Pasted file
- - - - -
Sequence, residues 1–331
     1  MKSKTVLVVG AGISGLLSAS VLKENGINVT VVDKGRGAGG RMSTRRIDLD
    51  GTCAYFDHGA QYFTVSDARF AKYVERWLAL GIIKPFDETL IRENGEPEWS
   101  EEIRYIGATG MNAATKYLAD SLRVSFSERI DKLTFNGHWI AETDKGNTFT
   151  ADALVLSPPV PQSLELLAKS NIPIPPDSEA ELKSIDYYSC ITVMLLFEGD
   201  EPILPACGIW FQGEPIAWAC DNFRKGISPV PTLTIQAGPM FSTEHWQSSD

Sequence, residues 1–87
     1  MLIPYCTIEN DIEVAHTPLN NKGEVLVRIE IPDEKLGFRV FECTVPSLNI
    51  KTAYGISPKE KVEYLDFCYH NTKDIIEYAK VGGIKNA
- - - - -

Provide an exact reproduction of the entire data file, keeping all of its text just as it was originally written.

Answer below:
Sequence, residues 1–331
     1  MKSKTVLVVG AGISGLLSAS VLKENGINVT VVDKGRGAGG RMSTRRIDLD
    51  GTCAYFDHGA QYFTVSDARF AKYVERWLAL GIIKPFDETL IRENGEPEWS
   101  EEIRYIGATG MNAATKYLAD SLRVSFSERI DKLTFNGHWI AETDKGNTFT
   151  ADALVLSPPV PQSLELLAKS NIPIPPDSEA ELKSIDYYSC ITVMLLFEGD
   201  EPILPACGIW FQGEPIAWAC DNFRKGISPV PTLTIQAGPM FSTEHWQSSD

Sequence, residues 1–87
     1  MLIPYCTIEN DIEVAHTPLN NKGEVLVRIE IPDEKLGFRV FECTVPSLNI
    51  KTAYGISPKE KVEYLDFCYH NTKDIIEYAK VGGIKNA